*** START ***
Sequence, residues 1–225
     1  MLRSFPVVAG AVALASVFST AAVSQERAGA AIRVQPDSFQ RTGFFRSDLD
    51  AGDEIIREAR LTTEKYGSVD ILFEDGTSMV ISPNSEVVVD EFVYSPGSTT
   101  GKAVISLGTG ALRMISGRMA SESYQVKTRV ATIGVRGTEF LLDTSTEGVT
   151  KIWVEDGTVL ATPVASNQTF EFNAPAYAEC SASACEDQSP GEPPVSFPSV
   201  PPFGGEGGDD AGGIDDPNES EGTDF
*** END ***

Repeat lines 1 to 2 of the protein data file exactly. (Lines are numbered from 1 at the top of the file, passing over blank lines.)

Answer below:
Sequence, residues 1–225
     1  MLRSFPVVAG AVALASVFST AAVSQERAGA AIRVQPDSFQ RTGFFRSDLD